The Red Sox on Friday morning announced they will implement dynamic pricing for seats and standing-room tickets atop the Green Monster at Fenway Park. The move comes about four months after the club announced plans to variably price the rest of the ballpark's inventory beginning this season, making the Red Sox among the last in baseball to embrace such a structure. Green Monster tickets, which go on sale Tuesday for games in April and May, will change based on market factors such as game date, opponent and weather conditions. The Red Sox are using Texas-based Qcue and California-based Tixtrack Inc. to aid with its dynamic pricing decisions. Despite winning the World Series last year, Red Sox attendance fell 7.6%, and the club saw its league-record 794-game home sellout record come to an end.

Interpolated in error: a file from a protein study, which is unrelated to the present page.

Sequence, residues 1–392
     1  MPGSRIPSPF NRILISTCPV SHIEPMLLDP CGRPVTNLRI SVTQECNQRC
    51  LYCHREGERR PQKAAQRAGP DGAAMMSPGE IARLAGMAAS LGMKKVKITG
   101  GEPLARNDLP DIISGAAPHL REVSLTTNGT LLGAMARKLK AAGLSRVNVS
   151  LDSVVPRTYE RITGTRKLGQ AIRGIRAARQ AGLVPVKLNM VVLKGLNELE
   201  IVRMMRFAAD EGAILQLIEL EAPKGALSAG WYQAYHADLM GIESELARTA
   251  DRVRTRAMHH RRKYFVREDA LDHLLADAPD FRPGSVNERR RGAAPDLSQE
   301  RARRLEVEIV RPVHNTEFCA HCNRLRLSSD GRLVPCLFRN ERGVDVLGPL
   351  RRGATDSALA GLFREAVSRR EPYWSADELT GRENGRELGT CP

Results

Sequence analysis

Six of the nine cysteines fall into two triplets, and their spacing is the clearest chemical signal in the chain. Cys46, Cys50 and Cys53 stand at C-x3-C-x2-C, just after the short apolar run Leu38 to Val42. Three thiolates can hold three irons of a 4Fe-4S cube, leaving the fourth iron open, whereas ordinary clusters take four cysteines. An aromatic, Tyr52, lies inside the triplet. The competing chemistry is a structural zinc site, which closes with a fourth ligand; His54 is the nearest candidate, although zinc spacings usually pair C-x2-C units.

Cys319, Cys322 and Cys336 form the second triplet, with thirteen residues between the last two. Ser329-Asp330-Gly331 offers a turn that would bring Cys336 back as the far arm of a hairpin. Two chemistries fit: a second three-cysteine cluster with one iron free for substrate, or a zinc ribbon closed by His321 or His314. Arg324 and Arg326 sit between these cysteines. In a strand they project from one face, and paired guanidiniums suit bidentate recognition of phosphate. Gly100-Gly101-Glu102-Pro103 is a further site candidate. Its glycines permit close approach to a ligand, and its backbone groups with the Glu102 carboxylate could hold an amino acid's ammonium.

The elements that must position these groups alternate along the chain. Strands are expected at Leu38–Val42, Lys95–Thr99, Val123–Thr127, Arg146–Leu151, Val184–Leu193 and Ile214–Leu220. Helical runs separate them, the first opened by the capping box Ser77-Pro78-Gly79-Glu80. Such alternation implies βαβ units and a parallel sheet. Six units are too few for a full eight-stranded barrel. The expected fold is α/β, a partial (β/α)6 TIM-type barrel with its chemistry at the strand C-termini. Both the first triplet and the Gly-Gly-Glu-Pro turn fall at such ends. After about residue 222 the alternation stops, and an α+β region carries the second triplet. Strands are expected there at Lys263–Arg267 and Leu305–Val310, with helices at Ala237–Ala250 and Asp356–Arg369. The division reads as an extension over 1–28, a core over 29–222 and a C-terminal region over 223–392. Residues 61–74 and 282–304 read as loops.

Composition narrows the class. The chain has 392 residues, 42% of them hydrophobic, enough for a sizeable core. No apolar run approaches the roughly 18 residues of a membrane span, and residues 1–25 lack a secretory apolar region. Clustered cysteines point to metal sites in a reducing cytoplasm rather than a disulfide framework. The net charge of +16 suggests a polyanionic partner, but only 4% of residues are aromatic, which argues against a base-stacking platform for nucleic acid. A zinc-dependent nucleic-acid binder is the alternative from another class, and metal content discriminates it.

The Jazz enter play Friday with a 23-42 record, tied with the Lakers for the worst mark in the Western Conference, and average attendance for games has "dropped to the lowest the franchise has seen since moving out of the Salt Palace and into the Delta Center" in '91, according to Aaron Falk of the SALT LAKE TRIBUNE. The team is averaging 17,947 fans per game, though there "are often far fewer than that actually in the building." It marks a 4% decline from last year and a 9% drop from a peak of 19,908 six seasons ago when the team made the Western Conference semifinals. However, the drop "was not unexpected," as the Jazz "let four of its five top scorers from last year leave for free agency to make playing time for a younger, developing base." Jazz President Randy Rigby: "We anticipated that we would have a slight decline." Falk reports with nine home games left this season, team execs "have been happy with the numbers they’ve drawn." The Jazz have dropped to 14th in attendance, but are "still above the league average of 17,297." Among teams with losing records this season, only the Knicks, Lakers and Celtics "are drawing more fans." The Jazz have tried to "provide reminders of better times" for fans. A ceremony to honor Basketball HOFer Jerry Sloan earlier this year and the "planned reunion" of the '83-84 Jazz -- the first playoff team in franchise history -- later this month "have not purely been the products of coincidence" (SALT LAKE TRIBUNE, 3/14).